New Management Courses Focus on Diversity, Equity, and Inclusion (DEI)

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The year has been a pivotal time for many to reflect on their efforts in diversity, equity, and inclusion (DEI). Georgetown’s McDonough School of Business continues to make addressing racial inequality an institutional priority for the school. In response to this call to action, several faculty developed new DEI courses this academic year.

Ella Washington, professor of the practice in management, taught an MBA course in the fall semester on Inclusion and Innovation, which was designed to help students understand and practice inclusive management skills that will enable them to effectively identify and develop high-impact, data-driven innovations for and with an increasingly diverse world.

“I get excited for the student experience because we work on the foundational aspects of DEI, which leaves students with new ideas and perspectives they probably never thought about before,” said Washington. “We all have a role to play to help influence DEI for the future work and for our broader communities.”

The course combines the following elements to drive impact of diversity and inclusion:

  • Deep coverage of inclusive management practices and how to employ them in a myriad of industries;
  • Problem-based action learning that challenges students to develop their writing, oral communication, and data analytic skills, as well as their global mindset;
  • Involvement of industry experts from Washington, D.C., and Georgetown’s global network; and
  • Opportunities for analysis and reflection on the personal and ethical challenges associated with leadership, innovation, and technology in rapidly changing environments.

Culminating the six-week course is a final team project where students utilize the skills they have learned to find the ‘white space’ of innovation – or where unmet and unarticulated needs are uncovered to create innovation opportunities – particularly around challenges with inclusion, and pitch a sustainable solution for an existing organization.

“Part of understanding how to implement DEI is to first understand our beliefs. We provide immersive experiences that push us all to question our own beliefs, behaviors, and how we see the world,” said Washington. “We want students to lead with these resources so they can actively question the status quo in any situation.”

Bob Bies, professor of management and founder of Georgetown McDonough’s Executive Master’s in Leadership program, has always focused on social justice issues in his course projects. Last fall, he redesigned his undergraduate and graduate courses to put DEI at the forefront.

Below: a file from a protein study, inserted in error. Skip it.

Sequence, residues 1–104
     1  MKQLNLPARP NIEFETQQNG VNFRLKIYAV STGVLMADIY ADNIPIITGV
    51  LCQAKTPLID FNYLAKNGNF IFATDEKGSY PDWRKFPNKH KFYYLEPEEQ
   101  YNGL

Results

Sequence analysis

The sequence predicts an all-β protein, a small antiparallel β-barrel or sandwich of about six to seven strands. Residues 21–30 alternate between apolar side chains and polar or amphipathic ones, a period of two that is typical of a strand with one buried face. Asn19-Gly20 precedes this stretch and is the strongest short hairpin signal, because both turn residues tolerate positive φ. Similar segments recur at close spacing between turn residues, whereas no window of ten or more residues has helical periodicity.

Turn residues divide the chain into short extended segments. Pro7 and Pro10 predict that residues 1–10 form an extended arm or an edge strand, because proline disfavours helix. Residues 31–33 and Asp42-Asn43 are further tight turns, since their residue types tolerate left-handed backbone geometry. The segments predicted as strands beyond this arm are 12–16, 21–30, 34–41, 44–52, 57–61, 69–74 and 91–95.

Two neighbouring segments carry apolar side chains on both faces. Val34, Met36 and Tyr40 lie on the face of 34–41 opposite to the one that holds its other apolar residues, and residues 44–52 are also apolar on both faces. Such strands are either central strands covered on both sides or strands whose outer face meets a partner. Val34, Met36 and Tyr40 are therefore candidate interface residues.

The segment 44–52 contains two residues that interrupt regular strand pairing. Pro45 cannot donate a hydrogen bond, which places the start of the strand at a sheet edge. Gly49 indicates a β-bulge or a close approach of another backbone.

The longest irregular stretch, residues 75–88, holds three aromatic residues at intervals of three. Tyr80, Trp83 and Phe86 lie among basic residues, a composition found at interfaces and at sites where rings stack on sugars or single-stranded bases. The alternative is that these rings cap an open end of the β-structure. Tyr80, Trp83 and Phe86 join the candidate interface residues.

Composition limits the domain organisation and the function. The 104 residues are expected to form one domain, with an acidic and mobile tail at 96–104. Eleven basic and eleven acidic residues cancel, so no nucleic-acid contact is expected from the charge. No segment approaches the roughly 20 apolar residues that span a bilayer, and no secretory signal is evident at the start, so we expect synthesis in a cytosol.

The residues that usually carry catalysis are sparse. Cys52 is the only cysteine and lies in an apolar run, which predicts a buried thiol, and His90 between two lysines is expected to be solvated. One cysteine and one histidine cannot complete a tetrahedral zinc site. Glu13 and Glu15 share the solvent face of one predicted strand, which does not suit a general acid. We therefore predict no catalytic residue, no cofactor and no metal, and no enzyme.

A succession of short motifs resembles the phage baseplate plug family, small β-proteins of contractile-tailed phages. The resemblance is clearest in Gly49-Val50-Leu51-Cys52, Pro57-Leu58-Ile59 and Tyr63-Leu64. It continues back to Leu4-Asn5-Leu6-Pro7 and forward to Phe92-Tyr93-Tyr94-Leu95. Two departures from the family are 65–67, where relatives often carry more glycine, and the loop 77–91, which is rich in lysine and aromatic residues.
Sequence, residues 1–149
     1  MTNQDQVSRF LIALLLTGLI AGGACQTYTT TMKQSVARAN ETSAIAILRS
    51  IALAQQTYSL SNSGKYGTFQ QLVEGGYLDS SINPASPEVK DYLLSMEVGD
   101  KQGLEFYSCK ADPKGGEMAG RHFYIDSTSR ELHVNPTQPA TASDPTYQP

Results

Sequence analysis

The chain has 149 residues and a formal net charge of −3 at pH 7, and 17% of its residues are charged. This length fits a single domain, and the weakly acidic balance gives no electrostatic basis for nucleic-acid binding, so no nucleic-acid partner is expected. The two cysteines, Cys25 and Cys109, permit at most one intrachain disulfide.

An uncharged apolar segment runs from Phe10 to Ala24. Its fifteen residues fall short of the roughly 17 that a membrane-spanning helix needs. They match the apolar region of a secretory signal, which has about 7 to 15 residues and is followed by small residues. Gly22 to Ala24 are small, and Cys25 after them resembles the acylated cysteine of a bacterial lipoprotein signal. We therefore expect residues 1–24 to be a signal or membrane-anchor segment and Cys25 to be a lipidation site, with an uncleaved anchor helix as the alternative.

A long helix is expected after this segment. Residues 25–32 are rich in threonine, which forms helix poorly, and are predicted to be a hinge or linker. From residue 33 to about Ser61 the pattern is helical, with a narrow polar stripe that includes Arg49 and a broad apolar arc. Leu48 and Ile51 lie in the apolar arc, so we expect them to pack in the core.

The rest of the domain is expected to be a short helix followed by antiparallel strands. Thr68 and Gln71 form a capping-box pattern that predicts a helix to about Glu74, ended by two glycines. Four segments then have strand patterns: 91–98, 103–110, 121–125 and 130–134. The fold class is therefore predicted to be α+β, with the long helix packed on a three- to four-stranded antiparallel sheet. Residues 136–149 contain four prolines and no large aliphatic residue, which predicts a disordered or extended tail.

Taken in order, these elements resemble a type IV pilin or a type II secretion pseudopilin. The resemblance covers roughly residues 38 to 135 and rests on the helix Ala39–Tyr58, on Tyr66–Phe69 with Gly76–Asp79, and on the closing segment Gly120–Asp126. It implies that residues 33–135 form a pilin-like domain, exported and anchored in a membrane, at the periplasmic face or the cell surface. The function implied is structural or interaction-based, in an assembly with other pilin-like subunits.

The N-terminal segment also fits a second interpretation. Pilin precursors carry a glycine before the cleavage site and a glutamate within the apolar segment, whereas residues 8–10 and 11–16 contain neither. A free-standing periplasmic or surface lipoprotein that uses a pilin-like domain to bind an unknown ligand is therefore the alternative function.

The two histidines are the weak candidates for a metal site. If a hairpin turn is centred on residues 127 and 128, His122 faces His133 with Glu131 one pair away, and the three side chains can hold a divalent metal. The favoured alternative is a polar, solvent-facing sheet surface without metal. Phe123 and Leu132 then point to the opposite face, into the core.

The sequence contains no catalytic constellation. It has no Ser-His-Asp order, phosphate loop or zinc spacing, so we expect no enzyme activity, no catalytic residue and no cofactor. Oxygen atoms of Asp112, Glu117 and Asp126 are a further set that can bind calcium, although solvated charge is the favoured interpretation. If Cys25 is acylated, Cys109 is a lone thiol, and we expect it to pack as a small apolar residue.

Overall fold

Bies’ two graduate courses — Power and Politics (MBA) and Ethical Leadership (Executive MBA) — require students to develop Racial Equity Action Plans for McDonough. These plans were shared with the McDonough Standing Committee for Diversity, Equity, and Inclusion for consideration in their own efforts. Bies collaborated with Georgetown’s Rosemary Kilkenny, vice president of diversity, equity, and inclusion, and Randy Bass, vice president, strategic education initiatives, in these courses. 

“I want to create opportunities for students to gain a deeper and greater understanding of themselves and racial equity, and their role in all of it,” said Bies. “I want students to learn more about those sitting next to them.”

This spring, students in Bies’ undergraduate course, Imagination and Creativity, are working on a group project to reimagine the first-year student experience for racial equity, from the moment a student accepts admission into McDonough until their final spring exam.

The two clients for the project are McDonough’s Standing Committee for Diversity, Equity, and Inclusion, and the University’s Curriculum Transformation for Racial Justice Steering Committee.

The students tackle key questions including: 

  • What are moments or situations before/during New Student Orientation, the first weeks of the first semester, and during the first year — inside or outside of the classroom — where inclusion and exclusion are especially salient for first-year students?
  • How can we help first-year students think more deeply about diversity, equity, and inclusion in the business school, at Georgetown, and globally?
  • How can we give first-year students more direct experience with diverse communities at and around Georgetown — and become more effective in engaging in conversations about diversity, equity, and inclusion?

In Bies’ second undergraduate spring course, Courage and Moral Leadership — which has been designated a Diversity-National and Diversity-Global course — students are focusing on building an antiracist university.

“The primary focus of the group project for this class will be how to continue to build and transform Georgetown into an antiracist university — with a community and culture of diversity, racial equity, inclusion, and belonging for undergraduate students,” said Bies.

In this course, as part of the DEI focus, Reverend Raymond B. Kemp conducted an Examen for Racial Justice with and for the students, using Amanda Gorman’s poem, The Hill We Climb, as part of the Examen. Additionally, three leaders from the Center for Social Justice led the class in a workshop on antiracism.

Across all of the aforementioned courses, and including Bies’ First-Year Seminar class, Heroes and Villains, students watched a video created by Georgetown University student-athletes titled I Can’t Breathe. Bies said that, after watching this powerful video, one student told him: “I knew some of the athletes, but I didn’t realize how they felt.” Now, this student and his classmates are working to create positive social change at Georgetown. “And that is what a Jesuit education is all about,” Bies said.